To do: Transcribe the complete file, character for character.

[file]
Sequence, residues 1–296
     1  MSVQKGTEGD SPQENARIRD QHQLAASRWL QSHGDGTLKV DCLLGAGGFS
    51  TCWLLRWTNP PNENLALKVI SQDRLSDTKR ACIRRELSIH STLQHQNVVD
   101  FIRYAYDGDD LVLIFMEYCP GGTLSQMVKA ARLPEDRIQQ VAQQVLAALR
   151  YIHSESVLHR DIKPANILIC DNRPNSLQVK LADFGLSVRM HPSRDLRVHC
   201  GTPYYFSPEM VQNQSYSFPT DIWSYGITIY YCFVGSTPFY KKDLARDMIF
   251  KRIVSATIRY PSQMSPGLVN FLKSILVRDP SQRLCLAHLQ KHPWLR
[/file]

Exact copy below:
Sequence, residues 1–296
     1  MSVQKGTEGD SPQENARIRD QHQLAASRWL QSHGDGTLKV DCLLGAGGFS
    51  TCWLLRWTNP PNENLALKVI SQDRLSDTKR ACIRRELSIH STLQHQNVVD
   101  FIRYAYDGDD LVLIFMEYCP GGTLSQMVKA ARLPEDRIQQ VAQQVLAALR
   151  YIHSESVLHR DIKPANILIC DNRPNSLQVK LADFGLSVRM HPSRDLRVHC
   201  GTPYYFSPEM VQNQSYSFPT DIWSYGITIY YCFVGSTPFY KKDLARDMIF
   251  KRIVSATIRY PSQMSPGLVN FLKSILVRDP SQRLCLAHLQ KHPWLR